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April 4, 2013

Having 'the conversation' about gambling

Youth are exposed to gambling now more than ever before, and they think it is normal. 

Fortunately, children also indicate that they would turn to their parents for help if they ever experienced problems with gambling. That is why parents play a crucial role in educating their kids about gambling and its risks of addiction. 

Did you know that less than half of the parents ever discuss gambling issues with their teen and that only 13 percent of parents believe that their teen actually gambles for money?

Reality is that kids from all social backgrounds gamble at home, a friend’s house or school with friends, family, relatives and siblings. In most cases, their parents will actually buy their lottery tickets. They play cards, sports betting, lottery and the Internet, where most money is spent in online gambling. In New York State, 48 percent of seventh through 12th graders reported they had gambled in the past year.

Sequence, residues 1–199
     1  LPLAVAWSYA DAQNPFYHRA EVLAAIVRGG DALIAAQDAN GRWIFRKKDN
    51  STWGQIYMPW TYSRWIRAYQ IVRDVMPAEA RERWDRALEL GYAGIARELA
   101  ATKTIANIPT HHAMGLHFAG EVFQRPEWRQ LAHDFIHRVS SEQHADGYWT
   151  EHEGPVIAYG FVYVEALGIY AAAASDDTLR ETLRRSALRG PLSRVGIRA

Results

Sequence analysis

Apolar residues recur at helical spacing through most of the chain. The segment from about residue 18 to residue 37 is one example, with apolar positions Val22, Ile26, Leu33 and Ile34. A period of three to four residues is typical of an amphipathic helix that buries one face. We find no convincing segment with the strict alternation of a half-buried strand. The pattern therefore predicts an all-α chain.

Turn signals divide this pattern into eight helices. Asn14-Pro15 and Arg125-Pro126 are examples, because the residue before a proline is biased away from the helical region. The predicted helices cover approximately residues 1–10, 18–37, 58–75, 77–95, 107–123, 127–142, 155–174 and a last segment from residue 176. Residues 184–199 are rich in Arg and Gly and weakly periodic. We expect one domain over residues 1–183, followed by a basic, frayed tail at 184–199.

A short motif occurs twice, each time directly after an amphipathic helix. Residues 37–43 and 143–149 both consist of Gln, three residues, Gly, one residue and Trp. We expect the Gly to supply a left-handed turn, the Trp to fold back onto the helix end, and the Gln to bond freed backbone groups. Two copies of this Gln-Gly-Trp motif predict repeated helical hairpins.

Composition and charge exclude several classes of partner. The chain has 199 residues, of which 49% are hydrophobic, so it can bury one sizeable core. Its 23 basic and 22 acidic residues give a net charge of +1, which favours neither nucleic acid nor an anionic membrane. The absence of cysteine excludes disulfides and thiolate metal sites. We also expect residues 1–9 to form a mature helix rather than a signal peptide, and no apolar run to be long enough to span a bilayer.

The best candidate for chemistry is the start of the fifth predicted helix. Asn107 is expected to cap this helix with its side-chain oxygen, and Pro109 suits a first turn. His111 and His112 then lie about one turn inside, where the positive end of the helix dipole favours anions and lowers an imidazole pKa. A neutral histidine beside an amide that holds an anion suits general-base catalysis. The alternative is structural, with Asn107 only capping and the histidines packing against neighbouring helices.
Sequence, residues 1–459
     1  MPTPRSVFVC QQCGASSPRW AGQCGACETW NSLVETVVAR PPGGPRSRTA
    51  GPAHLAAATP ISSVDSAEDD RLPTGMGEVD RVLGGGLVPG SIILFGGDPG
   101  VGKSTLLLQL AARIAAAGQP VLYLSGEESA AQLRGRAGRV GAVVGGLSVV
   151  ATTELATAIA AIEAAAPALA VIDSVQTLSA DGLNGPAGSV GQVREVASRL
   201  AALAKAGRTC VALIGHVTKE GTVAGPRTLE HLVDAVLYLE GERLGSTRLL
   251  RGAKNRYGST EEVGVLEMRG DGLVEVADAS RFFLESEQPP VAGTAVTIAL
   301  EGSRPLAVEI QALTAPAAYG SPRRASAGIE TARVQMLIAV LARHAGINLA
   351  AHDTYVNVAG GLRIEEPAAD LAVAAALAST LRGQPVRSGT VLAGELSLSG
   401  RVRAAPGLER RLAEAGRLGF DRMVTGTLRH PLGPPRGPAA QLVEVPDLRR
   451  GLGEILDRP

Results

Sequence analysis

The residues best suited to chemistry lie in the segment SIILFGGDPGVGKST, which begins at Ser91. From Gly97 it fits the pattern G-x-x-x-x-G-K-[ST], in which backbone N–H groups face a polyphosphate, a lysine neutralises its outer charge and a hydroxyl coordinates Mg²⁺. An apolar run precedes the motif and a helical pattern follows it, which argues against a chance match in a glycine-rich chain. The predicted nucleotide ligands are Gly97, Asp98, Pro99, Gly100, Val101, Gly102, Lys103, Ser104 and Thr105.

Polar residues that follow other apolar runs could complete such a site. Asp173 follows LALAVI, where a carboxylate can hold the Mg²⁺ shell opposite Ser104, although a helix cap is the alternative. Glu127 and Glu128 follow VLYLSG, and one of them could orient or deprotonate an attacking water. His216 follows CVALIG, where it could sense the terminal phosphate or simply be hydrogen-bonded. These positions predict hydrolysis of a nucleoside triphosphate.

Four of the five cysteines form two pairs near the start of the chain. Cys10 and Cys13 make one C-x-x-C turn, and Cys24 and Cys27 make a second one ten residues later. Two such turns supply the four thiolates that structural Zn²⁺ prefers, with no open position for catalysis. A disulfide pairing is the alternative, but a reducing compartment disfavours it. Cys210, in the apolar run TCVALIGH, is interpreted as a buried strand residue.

Youth today are bombarded with images and messages that depict gambling as exciting and glamorous. This generation is overwhelmingly exposed to messages about the benefits of gambling and the belief that they can make a lot of money in a short time. It’s up to you to send a balanced message about the realities of gambling and the potential consequences. 

Youth Gambling International found young adults from 18 to 21 are three times more likely to have problems associated with gambling. In New York state about 140,000 adolescents have had problems because of their gambling. An additional 10 percent of youth in New York state are at risk for problem gambling. 

Your children are probably doing what they usually do when they’re with friends … hanging out, playing music, playing sports and having fun. But what are the odds that they are taking risks you never worried about?   

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